ASEH 2012: Madison Wisconsin and Digital History

Early on Thursday morning environmental historians from across the United States, Canada, and Europe converged on Madison, Wisconsin for the annual ASEH meeting. Madison is not an easy, or cheap, place to get to and it seemed like everyone had a story about the round-about route they took to get to the conference. A quintet from Toronto spent 13 hours in a rented van; those from Vancouver routed through Minneapolis and Dallas; others flew into Chicago and bused it into Madison. It was worth the effort, Madison is one cool city with friendly people, heritage architecture, ongoing protests (Recall Walker), good food, and great beer. It is also full of Badgers. But enough about the city and on to the ASEH!

ASEH Phoenix was all about sustainability. From Cronon’s plenary address to the field trips and sessions and networking discussion, sustainability was the key term of the conference – fitting since a city in the middle of a desert should be thinking and acting in a sustainable way. At Madison the recurring topics were digital history and Rachel Carson.
As any environmental historian will happily tell you, the year 2012 marks the 50th anniversary of Silent Spring’s publication. The 2002 printing of Carson’s work features the by-line “The book that launched the environmental movement” so it should be no surprise that environmental historians are interested in tracing the impact of Carson and her book as a means of commemoration. At the Jenny Price’s plenary address “Stop Saving the Planet, Already!–and Other Tips from Rachel Carson for 21st-Century Environmentalists” offered an alternative reading and lessons from Carson’s work that was the topic of many conversations the following morning. There were also a number of panels focusing on Carson with her name popping up in a number of the papers about environmentalism in the 1960s and 1970s. Even the all Canadian panel on the environmental movement got in on the Silent Spring celebration with Mark McLaughlin of the University of New Brunswick presenting on the connections Carson made with New Brunswick scientists and foresters for the chapter titled “The River of Death.”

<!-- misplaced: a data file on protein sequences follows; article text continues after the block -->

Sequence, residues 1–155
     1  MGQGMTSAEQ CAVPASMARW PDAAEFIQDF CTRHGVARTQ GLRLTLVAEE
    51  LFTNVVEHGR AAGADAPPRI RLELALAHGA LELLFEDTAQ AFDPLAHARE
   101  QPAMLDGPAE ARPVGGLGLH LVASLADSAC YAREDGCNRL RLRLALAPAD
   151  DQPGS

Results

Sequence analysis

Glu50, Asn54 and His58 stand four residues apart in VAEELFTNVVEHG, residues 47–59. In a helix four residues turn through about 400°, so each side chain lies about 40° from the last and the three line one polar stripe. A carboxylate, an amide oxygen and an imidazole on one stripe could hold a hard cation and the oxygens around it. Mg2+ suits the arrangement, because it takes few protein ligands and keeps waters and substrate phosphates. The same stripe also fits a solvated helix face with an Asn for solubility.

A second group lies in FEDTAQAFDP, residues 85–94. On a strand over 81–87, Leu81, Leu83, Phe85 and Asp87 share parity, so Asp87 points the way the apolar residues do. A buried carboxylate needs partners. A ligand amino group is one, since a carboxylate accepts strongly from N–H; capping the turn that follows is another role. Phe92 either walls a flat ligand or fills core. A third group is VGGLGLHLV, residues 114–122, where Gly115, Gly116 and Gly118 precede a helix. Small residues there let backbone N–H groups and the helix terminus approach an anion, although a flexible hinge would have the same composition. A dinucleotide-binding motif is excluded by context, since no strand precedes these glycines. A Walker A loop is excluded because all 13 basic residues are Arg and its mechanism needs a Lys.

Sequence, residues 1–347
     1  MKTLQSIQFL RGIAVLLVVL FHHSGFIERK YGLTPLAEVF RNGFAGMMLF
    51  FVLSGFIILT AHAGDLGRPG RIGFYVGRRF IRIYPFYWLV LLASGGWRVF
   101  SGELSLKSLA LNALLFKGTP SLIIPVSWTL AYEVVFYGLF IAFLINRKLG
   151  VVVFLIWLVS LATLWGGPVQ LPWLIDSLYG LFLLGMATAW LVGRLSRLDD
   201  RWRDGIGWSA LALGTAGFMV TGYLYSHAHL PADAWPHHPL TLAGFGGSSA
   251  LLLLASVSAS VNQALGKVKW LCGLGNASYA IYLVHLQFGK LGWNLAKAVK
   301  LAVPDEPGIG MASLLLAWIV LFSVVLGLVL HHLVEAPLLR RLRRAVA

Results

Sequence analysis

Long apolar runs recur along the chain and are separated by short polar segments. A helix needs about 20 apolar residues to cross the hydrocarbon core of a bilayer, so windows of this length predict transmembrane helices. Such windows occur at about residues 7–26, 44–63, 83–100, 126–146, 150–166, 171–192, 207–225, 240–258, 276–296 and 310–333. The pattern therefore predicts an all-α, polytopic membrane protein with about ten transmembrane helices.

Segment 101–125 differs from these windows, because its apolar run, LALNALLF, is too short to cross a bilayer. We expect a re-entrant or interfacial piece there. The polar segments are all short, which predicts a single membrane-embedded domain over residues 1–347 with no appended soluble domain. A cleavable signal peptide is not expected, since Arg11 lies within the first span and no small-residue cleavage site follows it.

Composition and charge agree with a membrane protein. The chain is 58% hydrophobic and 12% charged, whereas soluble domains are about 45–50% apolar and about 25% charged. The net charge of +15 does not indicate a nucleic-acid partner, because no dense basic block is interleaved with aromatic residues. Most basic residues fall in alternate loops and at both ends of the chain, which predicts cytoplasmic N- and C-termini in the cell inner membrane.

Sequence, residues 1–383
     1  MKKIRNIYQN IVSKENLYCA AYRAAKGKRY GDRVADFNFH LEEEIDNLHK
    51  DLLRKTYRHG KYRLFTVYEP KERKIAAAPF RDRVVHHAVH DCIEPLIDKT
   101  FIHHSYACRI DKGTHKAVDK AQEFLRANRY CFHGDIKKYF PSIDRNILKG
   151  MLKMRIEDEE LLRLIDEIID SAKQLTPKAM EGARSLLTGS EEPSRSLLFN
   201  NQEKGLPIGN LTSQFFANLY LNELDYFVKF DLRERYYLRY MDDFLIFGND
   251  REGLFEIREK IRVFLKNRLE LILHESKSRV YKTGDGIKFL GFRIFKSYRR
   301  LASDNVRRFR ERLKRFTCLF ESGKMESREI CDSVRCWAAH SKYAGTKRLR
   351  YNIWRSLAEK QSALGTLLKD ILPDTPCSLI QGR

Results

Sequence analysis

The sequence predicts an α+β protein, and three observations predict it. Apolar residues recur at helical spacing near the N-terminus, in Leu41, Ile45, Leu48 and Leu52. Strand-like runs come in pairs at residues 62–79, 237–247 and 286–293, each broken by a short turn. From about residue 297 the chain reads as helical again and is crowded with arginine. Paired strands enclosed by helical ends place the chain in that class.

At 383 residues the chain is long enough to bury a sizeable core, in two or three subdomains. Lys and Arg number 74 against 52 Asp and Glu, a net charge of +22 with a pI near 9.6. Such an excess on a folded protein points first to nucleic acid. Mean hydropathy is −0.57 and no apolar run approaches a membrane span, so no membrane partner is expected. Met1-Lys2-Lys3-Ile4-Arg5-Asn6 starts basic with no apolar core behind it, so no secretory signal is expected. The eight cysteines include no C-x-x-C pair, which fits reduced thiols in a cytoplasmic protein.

Rachel Carson is an interesting and popular subject for environmental historians.

Protesting at the State Building

What really stood out this year among the younger generations at ASEH was the perforated of social media into the proceedings. In most sessions you could find someone – usually a graduate student – with a smart phone or iPad out checking Twitter. We were not being rude I promise. We were sending out 140 character messages to all the people who couldn’t make it to the conference, or couldn’t be in two panels at once, so they could follow in real time what was happening. To filter our tweets from the herd, we used the established hashtag for environmental history, #envhist, in combination with #ASEH2012. There were about 5 people consistently tweeting with that number ballooning to double digits by the third day as word got around what was going on — which you can see in this post from Finn Arne Jorgensen.

3 Monkeys

The digital history went beyond live tweeting, with four panels devoted specifically to new forms of historical communication the electronic age has created. Sean Kheraj led a session for the graduate workshop about the value of twitter and blogging to promoting yourself and your work. The monster panel on DH brought together 8 scholars working with digital media to engage the public, communicate with collegues, promote their work, and even as the basis of their studies. The stand out projects from the panel were Jessica van Horssen’s graphic novel on Asbestos, Quebec, an excellent video portal about climate change at Climate Wisconsin, and the new site Ant, Spider, Bee for the exploring the digital environmental humanities.